From Mud Pies to Masterpieces: The Chronicle of Clarence Cruz

There’s an old familiar adage stating that no matter the task or journey, you’ve got to start somewhere. “I first started out with mud pies in the ditch,” Clarence Cruz says with a hearty laugh.  (See Clarence's bio and shop his pottery here >)

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Natalie Sandia Jemez Pueblo Poter

Tradition, Clay, and the Open Road

From the wings of eagles to tires on the blacktop, Natalie Sandia’s pottery and family legacy have been all about the journey. “Me and my dad, we used to travel all over most of the United States delivering pottery,” Natalie says, “and that was just so awesome. I got to meet a

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Myron Sarracino Laguna Pueblo Potter

Guided by Many Grandmas: The Pottery of Myron Sarracino

Nestled along the Rio San José between golden-brown mesas and Route 66 lies the Laguna Pueblo village of Seama, where potter Myron Sarracino calls home. Pottery-making was a family skill, one in which Myron took an early interest. “My grandma used to make a little clay, then use it to

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Elder Hands of the Corn Clan: Jemez Pueblo’s Juanita Fragua

Gratitude for every day that you are able to use your skills and gifts to create is one of the core values of Pueblo potters. Juanita Fragua of Jemez Pueblo has a lot to be grateful for. At 83, Juanita is a full-time potter. “That’s all I do. I have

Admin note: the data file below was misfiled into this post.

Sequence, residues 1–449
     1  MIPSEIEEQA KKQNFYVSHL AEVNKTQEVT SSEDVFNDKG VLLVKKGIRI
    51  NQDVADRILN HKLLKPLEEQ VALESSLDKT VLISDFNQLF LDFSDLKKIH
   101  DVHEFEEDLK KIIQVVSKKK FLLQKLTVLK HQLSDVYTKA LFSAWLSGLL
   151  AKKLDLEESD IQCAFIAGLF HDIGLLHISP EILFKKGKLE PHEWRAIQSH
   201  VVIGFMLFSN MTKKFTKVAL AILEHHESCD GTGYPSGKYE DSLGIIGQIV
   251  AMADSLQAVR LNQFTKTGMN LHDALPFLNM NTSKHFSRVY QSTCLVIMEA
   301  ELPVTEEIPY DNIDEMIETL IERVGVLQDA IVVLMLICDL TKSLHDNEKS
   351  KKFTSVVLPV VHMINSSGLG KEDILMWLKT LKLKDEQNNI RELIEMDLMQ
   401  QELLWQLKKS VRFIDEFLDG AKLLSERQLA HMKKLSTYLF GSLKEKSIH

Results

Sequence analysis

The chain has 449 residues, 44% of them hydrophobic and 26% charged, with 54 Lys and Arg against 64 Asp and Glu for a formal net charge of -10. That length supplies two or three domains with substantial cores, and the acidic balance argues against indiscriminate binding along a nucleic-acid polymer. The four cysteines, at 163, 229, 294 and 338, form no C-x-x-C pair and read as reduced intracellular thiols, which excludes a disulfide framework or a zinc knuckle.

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Cartoonist Ricardo Caté was Drawn to Standing Rock

Sometimes in life we feel an irresistible pull toward a place, a person, or an unfolding chapter of history. Whether it’s due to a sense of duty, or just overwhelming curiosity, we are compelled to answer that siren song. Santo Domingo Pueblo cartoonist Ricardo Caté felt that call with the

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What Does “Anasazi” Mean, and Why Is It Controversial?

We were recently updating a page on our website and were surprised when we came across some text using the outdated term “Anasazi.” We recognized the need to change the term on that page, and to search the site for any other remaining references. Realizing that people visit the IPCC

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Fighting Fires and Chasing Dinosaurs: An Interview with Artist Levon Loncassion

Levon Loncassion is an award-winning artist from Zuni Pueblo, with works at Mesa Verde National Park’s visitor center and the Heard Museum. A former wildland firefighter, his art is heavily influenced by nature, along with Zuni culture, and artists from Pueblos to Picasso. Levon, who earned a Bachelor of Fine

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In ‘Toon with Cartoonist Ricardo Caté

Ricardo Caté of Santo Domingo/Kewa Pueblo is known for Without Reservations, the only Native American cartoon featured in a mainstream daily newspaper, which currently runs in the Santa Fe New Mexican and Taos News. A witty, engaging, and provocative exhibit featuring Ricardo’s works is showing in the Art Through Struggle

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Journey of the Bird of Kewa

“I talk to each pot. When it’s almost near completion, I say ‘Whose home are you going to grace? You’re only going to go to someone who really loves you, so be happy. Bless the home that you’re in.’” Perhaps no other quote or series of words could better capture

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Chavarria and the Santa Clara Craft

In the Singing Water Village near Two Waters Meet, Denise Chavarria has been working the clay since an early age, inspired by her mother, Stella Chavarria, and her grandmother, Teresita Naranjo. “I feel like all of the hard work I’ve put into my pottery has paid off,” Denise says of

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